Helping Others in Crisis Mode

"Crisis Mode"....you know what I'm talking about.  

-The family in your church just had to call in hospice for their elderly parent.
-Your mom friend was just put on bed rest.  
-The couple who just had a baby isn't at home enjoying those first days of newborn bliss.  Instead, they're staring into an isolette for hours at a time, wondering if today their baby can even tolerate being touched.  

As a pastor's wife and a woman who has experienced "crisis mode" many times during the years, I just want to share my heart on this matter.  And through my experiences, as well as what I've experienced in trying to best help others, I believe it's something that we all could stand to be challenged with.

You see, I have been that mom on bed rest.  Three times actually.  I've been that mom with a child in the NICU...twice.  Our oldest daughter has had three open heart surgeries along with three other catheterization procedures. I've learned a lot during those times of crisis.

The Bible commands us to "love one another" and  "bear one another's burdens, and so fulfil the law of Christ."  Helping each other anytime we can, but especially during difficult times is one of the biggest ways we live the Gospel and show the love of Christ.  

But can I share with you what I have heard way too often that makes me cringe?  And I've even been guilty of saying it myself. 

It's this phrase: "Let me know if there's anything I can do to help."

It sounds good.  Right?  I mean, you are giving them the freedom to call on you when they need something....anything! 

But I'm going to share with you a little secret that I think most people don't understand.

When in "Crisis Mode", people are overwhelmed.   Calling someone with a plea for help just gives them one more thing to do in the midst of an overwhelming situation.  People often feel extremely vulnerable during these times and this just heightens that sense.  Also, many people are quite independent, and having to ask for outside help feels like "mooching."  It's embarrassing, so they just don't.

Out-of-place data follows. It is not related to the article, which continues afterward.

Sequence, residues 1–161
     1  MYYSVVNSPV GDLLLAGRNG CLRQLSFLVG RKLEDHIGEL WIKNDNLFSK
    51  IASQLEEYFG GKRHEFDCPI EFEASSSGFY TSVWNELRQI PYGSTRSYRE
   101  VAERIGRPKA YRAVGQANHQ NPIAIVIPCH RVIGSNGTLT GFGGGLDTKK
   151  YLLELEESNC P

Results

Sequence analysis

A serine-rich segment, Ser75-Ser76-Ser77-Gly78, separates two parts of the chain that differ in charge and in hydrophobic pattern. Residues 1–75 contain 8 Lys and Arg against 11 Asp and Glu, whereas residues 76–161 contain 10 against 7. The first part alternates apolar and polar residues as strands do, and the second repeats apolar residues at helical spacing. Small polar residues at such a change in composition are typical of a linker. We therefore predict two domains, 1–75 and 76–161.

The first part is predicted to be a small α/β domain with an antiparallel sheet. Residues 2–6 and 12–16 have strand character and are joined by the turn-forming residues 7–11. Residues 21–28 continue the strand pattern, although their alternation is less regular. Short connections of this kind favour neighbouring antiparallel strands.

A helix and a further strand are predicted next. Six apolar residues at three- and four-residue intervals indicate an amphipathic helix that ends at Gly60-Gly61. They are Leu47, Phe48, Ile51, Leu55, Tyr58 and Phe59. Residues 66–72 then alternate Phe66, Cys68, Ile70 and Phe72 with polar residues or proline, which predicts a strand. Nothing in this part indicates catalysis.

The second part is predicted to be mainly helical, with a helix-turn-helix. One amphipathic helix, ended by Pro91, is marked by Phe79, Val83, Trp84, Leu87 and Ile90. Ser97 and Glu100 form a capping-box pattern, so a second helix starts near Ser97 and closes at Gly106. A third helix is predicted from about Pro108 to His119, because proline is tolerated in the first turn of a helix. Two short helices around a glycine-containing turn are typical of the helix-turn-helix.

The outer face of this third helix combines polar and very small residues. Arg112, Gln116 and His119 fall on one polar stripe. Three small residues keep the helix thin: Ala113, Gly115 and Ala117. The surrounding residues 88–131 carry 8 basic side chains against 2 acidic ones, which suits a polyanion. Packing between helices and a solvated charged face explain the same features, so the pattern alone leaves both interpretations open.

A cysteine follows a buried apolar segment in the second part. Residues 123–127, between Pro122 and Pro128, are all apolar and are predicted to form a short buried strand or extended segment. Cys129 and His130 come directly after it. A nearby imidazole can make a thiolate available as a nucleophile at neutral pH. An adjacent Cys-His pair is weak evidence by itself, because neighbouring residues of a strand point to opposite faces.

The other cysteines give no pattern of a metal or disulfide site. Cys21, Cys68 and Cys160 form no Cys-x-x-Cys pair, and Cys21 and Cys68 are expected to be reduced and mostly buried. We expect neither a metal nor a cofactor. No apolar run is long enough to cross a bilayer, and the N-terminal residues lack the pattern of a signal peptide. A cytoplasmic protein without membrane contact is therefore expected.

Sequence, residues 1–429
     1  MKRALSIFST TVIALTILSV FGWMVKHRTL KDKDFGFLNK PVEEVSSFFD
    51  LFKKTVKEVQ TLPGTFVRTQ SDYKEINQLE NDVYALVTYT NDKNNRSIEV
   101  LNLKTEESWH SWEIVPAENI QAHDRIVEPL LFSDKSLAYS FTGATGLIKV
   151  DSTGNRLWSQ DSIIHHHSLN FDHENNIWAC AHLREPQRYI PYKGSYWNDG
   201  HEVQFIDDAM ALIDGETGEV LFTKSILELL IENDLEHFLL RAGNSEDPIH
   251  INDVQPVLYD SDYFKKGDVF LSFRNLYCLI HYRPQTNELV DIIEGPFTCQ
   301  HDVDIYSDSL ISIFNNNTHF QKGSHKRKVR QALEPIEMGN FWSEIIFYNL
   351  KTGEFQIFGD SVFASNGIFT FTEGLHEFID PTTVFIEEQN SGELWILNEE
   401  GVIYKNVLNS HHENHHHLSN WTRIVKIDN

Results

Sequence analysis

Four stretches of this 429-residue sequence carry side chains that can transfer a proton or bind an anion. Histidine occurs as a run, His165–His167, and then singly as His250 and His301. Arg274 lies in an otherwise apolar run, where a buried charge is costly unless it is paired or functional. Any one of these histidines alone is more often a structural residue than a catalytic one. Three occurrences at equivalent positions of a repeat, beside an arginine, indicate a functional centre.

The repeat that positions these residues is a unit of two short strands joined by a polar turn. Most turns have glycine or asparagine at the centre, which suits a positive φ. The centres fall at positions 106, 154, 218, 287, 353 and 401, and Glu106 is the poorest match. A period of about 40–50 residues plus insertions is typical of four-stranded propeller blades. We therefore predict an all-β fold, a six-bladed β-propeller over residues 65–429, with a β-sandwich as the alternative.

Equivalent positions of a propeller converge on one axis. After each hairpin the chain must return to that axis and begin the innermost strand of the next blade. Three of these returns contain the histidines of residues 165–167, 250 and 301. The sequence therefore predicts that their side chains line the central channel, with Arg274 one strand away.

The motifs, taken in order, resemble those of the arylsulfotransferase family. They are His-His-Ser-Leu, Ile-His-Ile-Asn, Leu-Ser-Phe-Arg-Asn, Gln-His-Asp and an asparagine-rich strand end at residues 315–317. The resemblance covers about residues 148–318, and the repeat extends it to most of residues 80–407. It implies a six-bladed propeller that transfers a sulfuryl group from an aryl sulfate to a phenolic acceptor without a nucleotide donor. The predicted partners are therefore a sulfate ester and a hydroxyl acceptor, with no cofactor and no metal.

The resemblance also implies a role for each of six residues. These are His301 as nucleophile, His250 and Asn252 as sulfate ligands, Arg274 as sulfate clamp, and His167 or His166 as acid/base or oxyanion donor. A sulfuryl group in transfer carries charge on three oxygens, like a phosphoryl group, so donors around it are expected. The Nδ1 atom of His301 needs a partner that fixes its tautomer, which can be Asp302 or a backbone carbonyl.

Having to call and ask you for help does not help them.  As well meaning as you are trying to be, it just. doesn't. help.

Also, when people are in crisis mode, many times they just cannot even identify their needs.  Their focus is solely on the situation (i.e. child in the hospital, family member about to pass away, moving, etc.) and their basic needs and those of their home are swept to the side.  They are having enough trouble processing what is going on and just can't think about all of those other minor details.

So when you give them the "Call me if you need anything" line and they give you a blank stare, please understand it's because they just can't express their needs to you.  

I think sometimes we are guilty of giving our little "feel good line" because it makes US feel better.  We've offered our help and done our little Christian duty, when in fact we are secretly hoping they don't call us.

But perhaps you do genuinely offer your help and sincerely hope you can be of any kind of assistance.  Then let me try to help you.

Don't tell them to "Let you know if they need anything."

Because with a little thought and creativity, you could probably sit down and write a list of at least 5 different ways you could offer your help.

It goes something like this...say you have a friend who is moving this week.  Maybe you have a bunch of little kids like me and you realize going over to help with packing really wouldn't be very practical.  

So what can you do?  What about a meal?  I can tell you from experience that trying to keep up with feeding everyone can be one of the hardest things about moving! I mean, here you are trying to pack, but you still have to cook, so how in the world are you going to do that with your pots and pans still in use?

This is when you say, "Hey, can I bring you supper/lunch on ____________?  I know you're busy packing and I didn't want you to have to worry about cooking too.  What would be a good time for me to bring it over?"

And you know what?  They'll look at you and smile and say, "Wow, thanks, that would be great!"

But I can almost guarantee that if you were a  mom with a bunch of kids giving an offer of "Call me if you need anything" they would most likely say, "Oh, it's okay, I know you're busy.  I think we can take care of it."

The book of James commands us to be believers that are "doers of the Word."  We are to be men and women of action.